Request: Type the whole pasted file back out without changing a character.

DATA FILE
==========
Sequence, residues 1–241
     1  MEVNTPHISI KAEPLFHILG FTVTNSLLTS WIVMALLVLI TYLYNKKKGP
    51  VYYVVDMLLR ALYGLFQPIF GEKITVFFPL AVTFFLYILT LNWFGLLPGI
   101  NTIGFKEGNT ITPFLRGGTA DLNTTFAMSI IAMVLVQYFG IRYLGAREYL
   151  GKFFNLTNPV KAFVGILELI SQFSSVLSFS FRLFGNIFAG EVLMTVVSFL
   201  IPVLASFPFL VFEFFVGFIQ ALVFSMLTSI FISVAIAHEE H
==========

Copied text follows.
Sequence, residues 1–241
     1  MEVNTPHISI KAEPLFHILG FTVTNSLLTS WIVMALLVLI TYLYNKKKGP
    51  VYYVVDMLLR ALYGLFQPIF GEKITVFFPL AVTFFLYILT LNWFGLLPGI
   101  NTIGFKEGNT ITPFLRGGTA DLNTTFAMSI IAMVLVQYFG IRYLGAREYL
   151  GKFFNLTNPV KAFVGILELI SQFSSVLSFS FRLFGNIFAG EVLMTVVSFL
   201  IPVLASFPFL VFEFFVGFIQ ALVFSMLTSI FISVAIAHEE H